Most readers of The THES will have lasting memories of their student days. We recall a freshers party in a futuristic hall designed like an ocean liner with long south-facing galleries like promenades, and everywhere flights of stairs to suites of rooms. One of us recently returned to see how the place had been altered piecemeal over the decades, and to plan its renovation for the next era. Now the galleries are "wasted space" that must be inhabited; and all facilities are to be upgraded to obey fire-escape and access rules, with summertime use as a hotel essential for the business plan.
Another memory is of campaigning against the design of the new architecture department building that the eminent professor promoted as being an office building, a "universal space, good for everything", but that we discovered was by no means ideal for teaching. This is a familiar story of high ideals yielding to changing demands on the fabric of our universities.
The idea that buildings are silent teachers is not new, but in the hectic commercialised world of education today, it is getting harder to hear what the buildings are telling us. It is often difficult for an institution to define a distinctive academic mission, harder still to have a master plan for an inherited campus of buildings, and even rarer to have the space and funds to make architectural dreams a reality.
Everyone involved with university building will pounce on these volumes by two architects in academe because there have been few recent books on this subject.
University Builders is one of a series with separate volumes on libraries and theatres, with future books planned on offices, housing, schools and hospitals. The 30 or so projects illustrated in the book's case studies show campus plans, specialist teaching and research buildings, and buildings that are the focus of academic life (but no student residences). The examples are mostly from the United Kingdom and the majority are by UK architects, some of whom offer two or three schemes to show how they respond in different contexts. The format is a short introductory essay with heavily illustrated case studies and credits and project details at the end.
This looks the more attractive of the two books, but it is not evident for whom it is intended. The introduction races through the evolution of universities from Plato to Private Finance Initiative but is essentially a coffee-table accessory. The main problem, however, is the brevity of the commentaries on the projects, with no hint of a critique; that is left to the reader. There is no exploration of how such wonderful buildings came to be commissioned and turned into reality. The accompanying drawings are quite technical, without labelling or scale and so of marginal use to designers. The statistics are methodical but without a methodology for comparison across country, region, size, date or complexity, and imply a rigour that is absent and needed by the user. University Builders is a book to flick through for ideas but does not satisfy serious academic inquiry.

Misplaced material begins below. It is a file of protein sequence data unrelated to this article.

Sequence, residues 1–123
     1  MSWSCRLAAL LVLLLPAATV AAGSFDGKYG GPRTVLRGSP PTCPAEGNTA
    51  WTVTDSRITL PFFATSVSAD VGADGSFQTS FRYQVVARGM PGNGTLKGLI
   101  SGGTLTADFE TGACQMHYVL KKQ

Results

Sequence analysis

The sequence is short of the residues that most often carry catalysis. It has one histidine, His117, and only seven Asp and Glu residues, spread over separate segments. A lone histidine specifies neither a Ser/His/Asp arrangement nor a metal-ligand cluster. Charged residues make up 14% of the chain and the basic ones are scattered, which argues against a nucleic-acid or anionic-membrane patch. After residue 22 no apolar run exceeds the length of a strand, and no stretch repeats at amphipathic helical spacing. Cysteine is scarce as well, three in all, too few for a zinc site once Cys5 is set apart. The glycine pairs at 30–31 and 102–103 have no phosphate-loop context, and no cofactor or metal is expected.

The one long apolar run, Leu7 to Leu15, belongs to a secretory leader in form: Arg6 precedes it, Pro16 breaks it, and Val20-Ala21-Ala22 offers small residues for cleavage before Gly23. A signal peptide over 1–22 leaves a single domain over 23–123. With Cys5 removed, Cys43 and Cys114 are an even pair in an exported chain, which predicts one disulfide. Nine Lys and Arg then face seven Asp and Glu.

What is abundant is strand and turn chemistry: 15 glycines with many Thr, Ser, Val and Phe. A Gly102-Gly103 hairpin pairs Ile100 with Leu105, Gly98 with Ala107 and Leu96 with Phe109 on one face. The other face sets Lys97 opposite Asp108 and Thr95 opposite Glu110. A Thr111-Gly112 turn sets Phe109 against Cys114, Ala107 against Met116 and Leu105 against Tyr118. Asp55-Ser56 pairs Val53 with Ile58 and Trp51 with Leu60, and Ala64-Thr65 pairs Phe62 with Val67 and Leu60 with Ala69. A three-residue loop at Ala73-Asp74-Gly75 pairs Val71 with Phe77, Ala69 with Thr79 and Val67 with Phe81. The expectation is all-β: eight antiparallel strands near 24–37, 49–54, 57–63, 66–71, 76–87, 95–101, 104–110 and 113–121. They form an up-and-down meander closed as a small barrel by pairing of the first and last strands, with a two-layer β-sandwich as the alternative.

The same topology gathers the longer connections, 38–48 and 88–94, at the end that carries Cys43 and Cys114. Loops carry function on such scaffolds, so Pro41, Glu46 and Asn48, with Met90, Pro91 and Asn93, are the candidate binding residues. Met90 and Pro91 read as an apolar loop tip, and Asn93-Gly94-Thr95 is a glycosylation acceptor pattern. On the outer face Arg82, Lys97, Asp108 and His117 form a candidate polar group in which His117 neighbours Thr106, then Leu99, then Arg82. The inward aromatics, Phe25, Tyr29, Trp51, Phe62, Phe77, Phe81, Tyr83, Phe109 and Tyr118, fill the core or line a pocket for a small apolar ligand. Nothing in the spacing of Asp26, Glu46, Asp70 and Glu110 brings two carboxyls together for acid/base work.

University Architecture , by contrast, begins by stating that it is a guide to designers and estate managers and an inspiration to staff and students. This is a challenge in 157 text pages. Though it does not wholly satisfy the first two groups, it should be on the reading list of every director of estates and vice-chancellor. The author is an enthusiast with an erudite and accessible manner, who dissects a huge subject area with chapters on mission, master plan, sustainability, crime and politics. Half the book is about specific building types.
The chapter on master plans and development frameworks is excellent, emphasising the need for someone to be custodian of the spaces between buildings. But there are some surprising omissions in the book. Student unions receive scant mention as do other crucial facilities such as careers centres, nurseries and health and counselling centres. The role that universities, especially the former polytechnics, play in urban regeneration could have been explained in detail, as could the encouragement of entrepreneurship and the wave of incubator work spaces that bring new meaning to town-and-gown relations. Given the academic nature of this work, it is surprising that it does not contain perspectives from staff and students. Surely the people who live and work in the buildings might be the best judges of whether they are successful? Some constructive criticism would have been useful to give balance and to encourage the debate to continue.
Both authors alert us to the influence of remote learning and new technologies and how they will continue to have a profound impact on the organisation of university space. The corollary is that the remaining core buildings become of even greater significance for the image and identity of the institution.
Much university architecture, especially since the 1980s, has been banal, poorly designed and lacking in purpose. But it seems that a better genre of university buildings is emerging. It is a pity these books do not explore this. Universities should lead the way with innovative architecture, as they do with research. It is axiomatic that a great university has great buildings - aspirant vice-chancellors please ponder.
Julian Robinson is projects director, Queen Mary, University of London. David Prichard is a partner at MacCormac Jamieson Prichard.
Author - Brian Edwards
ISBN - 0 419 24440 9
Publisher - Spon
Price - £60.00
Pages - 164